aftermath

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Not Quite the Discriminating One

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I wrote A Guide to Nondiscrimination Requirements for Qualified Pension and Profit-Sharing Plans in 30 days.

While reading the 600 pages of new government regulations on which the book was focused, which were published on the first day of that 30-day period. Along with reviewing over a hundred additional pages of separately proposed regulations that were not finalized until a week after the book was published. And revisiting previously published regulations on related topics needed for rounding out the book. And all the statutory references and other related source material. All of which needed to be read at least in triplicate to make sure nothing was missed, most of which needed to be studied very closely and cross-referenced with other readings, and none of which was the sort of reading one can just breeze through.

Without taking a day off from work – no holidays in that period, no vacation days taken, and no sick days. And while carrying a workload that included heavy duties unrelated to the book. Yes, given my position as my company’s research actuary, it was my job to read those regulations and develop internal materials. So yes, the entire night after the regulations came out, I was giving the entire package its first pass so I could give a speech the very next day on the highlights. And throughout the next month, I did continue producing internal materials on the regulations for my employer and sharing in conference calls and working directly with clients on matters related to the regulations. Yet not only were none of those reg-related efforts directly focused on the book itself, but I also devoted over 30 hours per week to work that was completely unrelated to the regulations whatsoever.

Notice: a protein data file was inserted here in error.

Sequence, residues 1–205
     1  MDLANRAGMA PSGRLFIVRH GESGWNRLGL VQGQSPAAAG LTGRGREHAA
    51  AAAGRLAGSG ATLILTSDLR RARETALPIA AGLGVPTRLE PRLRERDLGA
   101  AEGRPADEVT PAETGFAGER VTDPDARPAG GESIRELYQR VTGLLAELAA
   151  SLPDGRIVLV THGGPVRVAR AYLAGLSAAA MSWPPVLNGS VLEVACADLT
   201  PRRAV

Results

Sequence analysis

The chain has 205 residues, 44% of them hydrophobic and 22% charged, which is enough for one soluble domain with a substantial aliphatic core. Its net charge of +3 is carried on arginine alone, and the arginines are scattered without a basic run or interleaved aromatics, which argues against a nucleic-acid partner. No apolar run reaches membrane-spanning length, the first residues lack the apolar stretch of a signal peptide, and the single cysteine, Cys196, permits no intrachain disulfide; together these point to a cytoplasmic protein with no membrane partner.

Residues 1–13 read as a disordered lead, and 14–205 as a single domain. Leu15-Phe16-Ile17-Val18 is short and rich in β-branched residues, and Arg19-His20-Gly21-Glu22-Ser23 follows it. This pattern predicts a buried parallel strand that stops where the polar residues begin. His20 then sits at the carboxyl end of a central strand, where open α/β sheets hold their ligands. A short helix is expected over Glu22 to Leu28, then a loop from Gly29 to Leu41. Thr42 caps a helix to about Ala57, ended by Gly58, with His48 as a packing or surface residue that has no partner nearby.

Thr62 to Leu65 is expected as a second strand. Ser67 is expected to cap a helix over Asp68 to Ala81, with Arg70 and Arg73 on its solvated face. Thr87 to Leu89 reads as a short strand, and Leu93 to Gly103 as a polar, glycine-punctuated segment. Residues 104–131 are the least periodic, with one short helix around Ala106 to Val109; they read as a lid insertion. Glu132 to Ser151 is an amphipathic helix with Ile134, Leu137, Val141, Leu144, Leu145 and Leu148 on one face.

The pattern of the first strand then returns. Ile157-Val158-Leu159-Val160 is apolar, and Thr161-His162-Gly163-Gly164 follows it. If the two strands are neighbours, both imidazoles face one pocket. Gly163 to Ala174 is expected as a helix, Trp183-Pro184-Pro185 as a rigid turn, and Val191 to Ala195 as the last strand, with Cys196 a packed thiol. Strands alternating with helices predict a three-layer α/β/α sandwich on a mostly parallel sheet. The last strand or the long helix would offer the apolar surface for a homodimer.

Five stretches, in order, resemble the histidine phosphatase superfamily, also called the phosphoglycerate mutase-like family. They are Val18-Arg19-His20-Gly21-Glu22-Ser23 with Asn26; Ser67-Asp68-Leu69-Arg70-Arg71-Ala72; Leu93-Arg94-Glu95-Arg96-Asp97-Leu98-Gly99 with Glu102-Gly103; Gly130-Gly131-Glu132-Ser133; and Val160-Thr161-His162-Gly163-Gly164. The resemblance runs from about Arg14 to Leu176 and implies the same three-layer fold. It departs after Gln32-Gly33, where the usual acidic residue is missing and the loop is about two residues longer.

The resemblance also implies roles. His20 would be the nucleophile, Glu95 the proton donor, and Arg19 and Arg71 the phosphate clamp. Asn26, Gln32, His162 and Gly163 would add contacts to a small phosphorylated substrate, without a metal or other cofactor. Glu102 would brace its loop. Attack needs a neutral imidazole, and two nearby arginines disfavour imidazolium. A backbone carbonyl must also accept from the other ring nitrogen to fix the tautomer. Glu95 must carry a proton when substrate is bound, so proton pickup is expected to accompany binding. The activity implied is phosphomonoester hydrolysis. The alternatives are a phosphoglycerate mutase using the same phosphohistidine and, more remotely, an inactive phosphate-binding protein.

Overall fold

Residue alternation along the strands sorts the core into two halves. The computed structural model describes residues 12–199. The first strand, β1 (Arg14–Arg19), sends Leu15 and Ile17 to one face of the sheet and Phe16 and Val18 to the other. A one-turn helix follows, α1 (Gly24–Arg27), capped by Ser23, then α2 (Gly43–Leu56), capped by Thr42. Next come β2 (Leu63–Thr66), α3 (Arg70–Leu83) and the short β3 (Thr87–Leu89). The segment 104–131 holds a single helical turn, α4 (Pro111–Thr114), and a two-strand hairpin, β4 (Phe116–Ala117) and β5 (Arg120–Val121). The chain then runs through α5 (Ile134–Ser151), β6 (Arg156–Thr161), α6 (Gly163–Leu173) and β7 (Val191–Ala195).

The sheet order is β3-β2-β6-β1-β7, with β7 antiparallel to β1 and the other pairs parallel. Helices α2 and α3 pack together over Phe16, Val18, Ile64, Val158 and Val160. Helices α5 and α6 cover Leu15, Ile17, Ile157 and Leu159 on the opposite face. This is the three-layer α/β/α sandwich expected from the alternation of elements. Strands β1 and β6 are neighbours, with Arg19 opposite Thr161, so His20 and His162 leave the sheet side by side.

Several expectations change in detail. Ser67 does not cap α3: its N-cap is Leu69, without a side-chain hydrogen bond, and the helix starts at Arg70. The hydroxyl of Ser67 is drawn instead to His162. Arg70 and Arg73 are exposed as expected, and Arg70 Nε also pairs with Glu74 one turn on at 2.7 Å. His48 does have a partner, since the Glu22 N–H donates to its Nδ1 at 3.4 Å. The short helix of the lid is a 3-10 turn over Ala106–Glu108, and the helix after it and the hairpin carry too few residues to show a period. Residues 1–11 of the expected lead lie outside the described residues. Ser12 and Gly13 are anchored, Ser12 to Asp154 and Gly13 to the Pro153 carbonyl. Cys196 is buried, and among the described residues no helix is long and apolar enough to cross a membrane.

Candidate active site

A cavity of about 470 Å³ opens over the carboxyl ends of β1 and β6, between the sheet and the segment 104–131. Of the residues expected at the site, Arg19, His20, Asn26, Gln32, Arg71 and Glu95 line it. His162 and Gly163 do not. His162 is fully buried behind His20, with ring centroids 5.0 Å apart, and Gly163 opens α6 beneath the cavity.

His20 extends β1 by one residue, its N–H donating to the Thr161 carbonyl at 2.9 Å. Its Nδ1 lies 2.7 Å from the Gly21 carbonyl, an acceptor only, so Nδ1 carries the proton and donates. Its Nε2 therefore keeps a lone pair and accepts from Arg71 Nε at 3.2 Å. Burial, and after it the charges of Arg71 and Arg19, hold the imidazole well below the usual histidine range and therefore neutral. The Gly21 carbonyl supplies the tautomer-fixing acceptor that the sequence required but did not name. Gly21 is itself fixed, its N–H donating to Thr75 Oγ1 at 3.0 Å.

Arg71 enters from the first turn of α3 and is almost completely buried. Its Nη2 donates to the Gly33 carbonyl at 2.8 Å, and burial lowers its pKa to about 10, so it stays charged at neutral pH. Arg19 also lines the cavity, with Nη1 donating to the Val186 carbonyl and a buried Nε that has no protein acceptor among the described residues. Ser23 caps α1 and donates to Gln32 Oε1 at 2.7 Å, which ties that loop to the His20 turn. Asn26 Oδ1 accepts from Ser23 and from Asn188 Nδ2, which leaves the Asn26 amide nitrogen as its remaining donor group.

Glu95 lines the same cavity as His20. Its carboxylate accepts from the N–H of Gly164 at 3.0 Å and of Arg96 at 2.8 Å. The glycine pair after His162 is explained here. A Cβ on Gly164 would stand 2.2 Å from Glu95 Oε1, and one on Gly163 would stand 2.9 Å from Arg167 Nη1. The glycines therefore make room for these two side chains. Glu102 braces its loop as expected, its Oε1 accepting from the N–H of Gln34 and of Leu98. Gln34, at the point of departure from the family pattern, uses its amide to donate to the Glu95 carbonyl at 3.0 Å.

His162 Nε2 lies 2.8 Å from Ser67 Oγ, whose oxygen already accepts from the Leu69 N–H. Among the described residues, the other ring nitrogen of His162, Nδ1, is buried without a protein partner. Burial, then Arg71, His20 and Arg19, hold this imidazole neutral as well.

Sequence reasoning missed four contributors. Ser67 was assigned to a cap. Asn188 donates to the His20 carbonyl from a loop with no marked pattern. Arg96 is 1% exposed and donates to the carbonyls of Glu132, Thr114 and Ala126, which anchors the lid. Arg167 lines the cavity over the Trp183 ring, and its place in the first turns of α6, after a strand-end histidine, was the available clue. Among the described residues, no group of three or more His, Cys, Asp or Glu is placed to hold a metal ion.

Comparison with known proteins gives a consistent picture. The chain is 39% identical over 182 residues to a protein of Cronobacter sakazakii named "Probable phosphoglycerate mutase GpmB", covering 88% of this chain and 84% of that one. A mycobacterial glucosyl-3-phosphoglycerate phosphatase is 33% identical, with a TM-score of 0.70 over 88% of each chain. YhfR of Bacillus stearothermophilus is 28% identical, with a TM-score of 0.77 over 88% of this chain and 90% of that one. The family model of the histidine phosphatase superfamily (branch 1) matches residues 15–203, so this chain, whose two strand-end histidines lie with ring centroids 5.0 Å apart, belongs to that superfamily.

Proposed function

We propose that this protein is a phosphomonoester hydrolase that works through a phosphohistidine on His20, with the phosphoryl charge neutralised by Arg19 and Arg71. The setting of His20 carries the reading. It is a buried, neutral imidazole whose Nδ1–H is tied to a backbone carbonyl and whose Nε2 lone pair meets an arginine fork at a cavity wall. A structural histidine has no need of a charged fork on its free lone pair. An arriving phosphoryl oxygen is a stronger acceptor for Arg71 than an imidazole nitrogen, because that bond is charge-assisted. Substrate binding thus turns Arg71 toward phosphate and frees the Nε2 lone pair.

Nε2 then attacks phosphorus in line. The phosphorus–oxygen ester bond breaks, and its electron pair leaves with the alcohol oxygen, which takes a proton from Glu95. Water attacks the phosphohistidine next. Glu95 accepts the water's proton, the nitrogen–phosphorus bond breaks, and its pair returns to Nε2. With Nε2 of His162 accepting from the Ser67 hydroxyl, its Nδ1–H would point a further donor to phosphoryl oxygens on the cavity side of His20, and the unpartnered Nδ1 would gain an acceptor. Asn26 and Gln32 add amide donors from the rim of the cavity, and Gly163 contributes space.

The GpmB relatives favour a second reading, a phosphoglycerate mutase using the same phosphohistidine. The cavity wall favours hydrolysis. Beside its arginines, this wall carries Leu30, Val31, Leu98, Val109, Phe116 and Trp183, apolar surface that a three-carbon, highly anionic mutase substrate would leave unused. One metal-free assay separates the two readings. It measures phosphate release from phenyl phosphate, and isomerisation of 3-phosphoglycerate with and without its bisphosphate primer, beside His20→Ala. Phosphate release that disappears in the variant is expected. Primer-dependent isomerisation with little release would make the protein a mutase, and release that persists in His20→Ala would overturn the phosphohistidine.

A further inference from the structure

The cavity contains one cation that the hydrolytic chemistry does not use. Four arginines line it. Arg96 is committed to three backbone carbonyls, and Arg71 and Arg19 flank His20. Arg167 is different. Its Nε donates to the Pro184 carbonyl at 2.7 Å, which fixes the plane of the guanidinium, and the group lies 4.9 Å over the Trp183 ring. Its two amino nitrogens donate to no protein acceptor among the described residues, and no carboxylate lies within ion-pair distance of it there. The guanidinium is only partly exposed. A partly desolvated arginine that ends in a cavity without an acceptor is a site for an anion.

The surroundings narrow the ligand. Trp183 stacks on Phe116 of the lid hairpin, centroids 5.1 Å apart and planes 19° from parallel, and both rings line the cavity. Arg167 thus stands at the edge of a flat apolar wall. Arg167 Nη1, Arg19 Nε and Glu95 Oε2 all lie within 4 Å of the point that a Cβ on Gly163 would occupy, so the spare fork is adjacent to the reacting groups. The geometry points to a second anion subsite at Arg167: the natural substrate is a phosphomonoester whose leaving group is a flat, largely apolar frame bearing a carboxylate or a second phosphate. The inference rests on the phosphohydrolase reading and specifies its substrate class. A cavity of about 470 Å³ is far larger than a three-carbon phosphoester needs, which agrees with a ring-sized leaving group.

So, no family life, right? Well, the family might argue that my mind was completely elsewhere during that month, but at least I did make the attempt. Sundays were off-limits to the book entirely: no reading of the regulations, no computer files open, not even a scribbled note on the many scraps of paper I carried around that month. And one entire Saturday during that month was devoted to taking the family down to King’s Dominion amusement park – again, an entire day off-limits to the book. So technically, I wrote the book in 25 days. And not all of those 25 days stolen from the family either. I never missed a dinner that month, reserved at least an hour each and every evening to spend with the children, and left other time open every day, no exceptions.

And the writing itself. Not only did I strive at every turn to steer clear of simply regurgitating the regulations, but I set myself the goal of attempting to have at least one unique point on every single one of the book’s 350+ pages, at least one insight per page that would not be obvious from a simple recitation of the rules themselves. And typed out the entire manuscript myself, hunt-and-peck style. And managed to make only one error in the entire book (an extra zero on page 70, a blunder subsequently rendered irrelevant by legislation that repealed the rule that page dealt with).

All of that an equation that can be solved only by including only about 20 hours of sleep for the entire month. Or, since I slept about 6 hours the night we stayed at the hotel after our day at King’s Dominion, call it 14 hours of sleep spread over the remaining 29 days of that month. Yes, your math is as good as an actuary’s there: that’s less than half an hour per night. For an entire month.

Which explains why I landed myself in the hospital on the 31st day, the morning after I had sent the final chapters of the manuscript off to the publisher. Which is something we are now dedicated at avoiding as I take up my pen to work on another book.

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Written by macheide

4 January 2009 at 10:29 am

Posted in DRAM

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